For the past two months, I’ve been reporting and writing about South Asian migrants in Italy. The project has taken me to three different cities: Udine (a small town in the northeastern Friuli Venezia Giulia region marked by a distinct Austrian flavor), Milan, and Rome. I spent the majority of my time in the Italian capital this summer, strategically avoiding the Vatican area; July is high tourist season.
It was only until my sister arrived at the end of my trip that I decided to finally venture out of Trastevere, the neighborhood I was staying in, just by the Tiber River. No visit to Rome is complete without a visit to the Vatican Museum, and despite my initial reservations about not being able to fully experience the artwork housed in its galleries due to the crowds at this time of year, I relished every second of our tour.
In the Pinacoteca, the Vatican Art Gallery which houses works from the 12th-15th centuries, one of my favorite pieces was a 1635 oil on canvas portrait by Bernini, entitled Head of a Young Man. Bernini’s paintings, including similar self-portraits, are also housed in Rome’s Galleria Borghese.
Another notable work was a tempera on wood panel by Giovanni. Circular, with a rectangular base, the panel displayed multiple illustrations of the Final Judgment: Christ with seraphim and angels, or standing before an altar in the second register. St. Paul, the Virgin Mary, and St. Stephen feature in the third register, while the fourth presents the Resurrection of the Dead.
Before reaching the Collection of Contemporary Art, we passed through the Belvedere Courtyard, into the Gallery of Maps, which had the most spectacular ceiling. It was painted by the Mannerist artists Girolamo Muziano (1532-1592), born in Acquafredda and Cesare Nebbia (1536-1614), who studied under the former. The fresco scenes depict saints, apostles, and other Christian figures connected to the particular regions in Italy that are displayed on the maps lining the walls.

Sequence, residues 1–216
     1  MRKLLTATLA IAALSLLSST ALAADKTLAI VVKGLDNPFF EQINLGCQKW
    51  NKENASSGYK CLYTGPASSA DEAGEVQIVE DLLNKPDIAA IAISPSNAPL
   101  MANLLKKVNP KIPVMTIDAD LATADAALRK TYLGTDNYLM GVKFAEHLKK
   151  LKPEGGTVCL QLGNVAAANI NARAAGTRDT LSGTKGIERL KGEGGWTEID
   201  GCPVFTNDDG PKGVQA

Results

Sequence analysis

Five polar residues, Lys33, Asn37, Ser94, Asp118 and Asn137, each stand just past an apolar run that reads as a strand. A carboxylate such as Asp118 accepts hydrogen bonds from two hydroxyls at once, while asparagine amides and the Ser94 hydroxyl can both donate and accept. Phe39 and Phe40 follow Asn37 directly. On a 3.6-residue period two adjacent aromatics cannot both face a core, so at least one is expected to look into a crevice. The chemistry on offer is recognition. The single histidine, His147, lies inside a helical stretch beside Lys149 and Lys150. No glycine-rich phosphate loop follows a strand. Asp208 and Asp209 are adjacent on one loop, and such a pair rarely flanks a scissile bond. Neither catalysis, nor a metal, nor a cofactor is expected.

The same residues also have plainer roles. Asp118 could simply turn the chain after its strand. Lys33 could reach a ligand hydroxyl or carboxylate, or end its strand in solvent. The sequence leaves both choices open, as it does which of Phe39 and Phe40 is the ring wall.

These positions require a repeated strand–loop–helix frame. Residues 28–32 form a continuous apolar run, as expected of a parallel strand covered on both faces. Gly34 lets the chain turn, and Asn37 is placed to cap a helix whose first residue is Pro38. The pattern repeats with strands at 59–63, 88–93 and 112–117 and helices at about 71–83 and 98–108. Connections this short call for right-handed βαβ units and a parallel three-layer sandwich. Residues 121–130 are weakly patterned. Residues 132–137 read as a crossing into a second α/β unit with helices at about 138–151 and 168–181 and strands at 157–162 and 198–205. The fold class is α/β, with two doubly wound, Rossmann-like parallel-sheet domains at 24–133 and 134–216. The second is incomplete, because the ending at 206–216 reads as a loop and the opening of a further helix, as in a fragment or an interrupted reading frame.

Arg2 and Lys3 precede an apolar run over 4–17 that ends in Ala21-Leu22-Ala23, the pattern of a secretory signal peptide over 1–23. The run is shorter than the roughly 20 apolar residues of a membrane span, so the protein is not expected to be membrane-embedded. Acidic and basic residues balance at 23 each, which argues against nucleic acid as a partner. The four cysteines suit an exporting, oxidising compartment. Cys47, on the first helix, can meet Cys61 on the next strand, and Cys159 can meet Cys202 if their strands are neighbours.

With regard to more recent art, an untitled 1979 painting by Tano Festa (1938-1988), a visual artist known for his pop art renditions of Renaissance paintings, caught my eye. A riff off Michelangelo’s Creation of Adam, Festa’s work captures the essence of the original fresco (which I would later view), in more modern tones.
By the end, out of breath, and a tad dehydrated, we were ushered down a staircase by security guards charged with controlling the crowds. They also made sure that our cameras were put away. Inside the Sistine Chapel, I was struck by the overwhelming solemnity of the place, mere seconds away from the other galleries buzzing with tour guides and their groups. It was as if everyone had come under a trance, speaking only in hushed, awed whispers. Then I finally looked up at the ceiling, and realized why.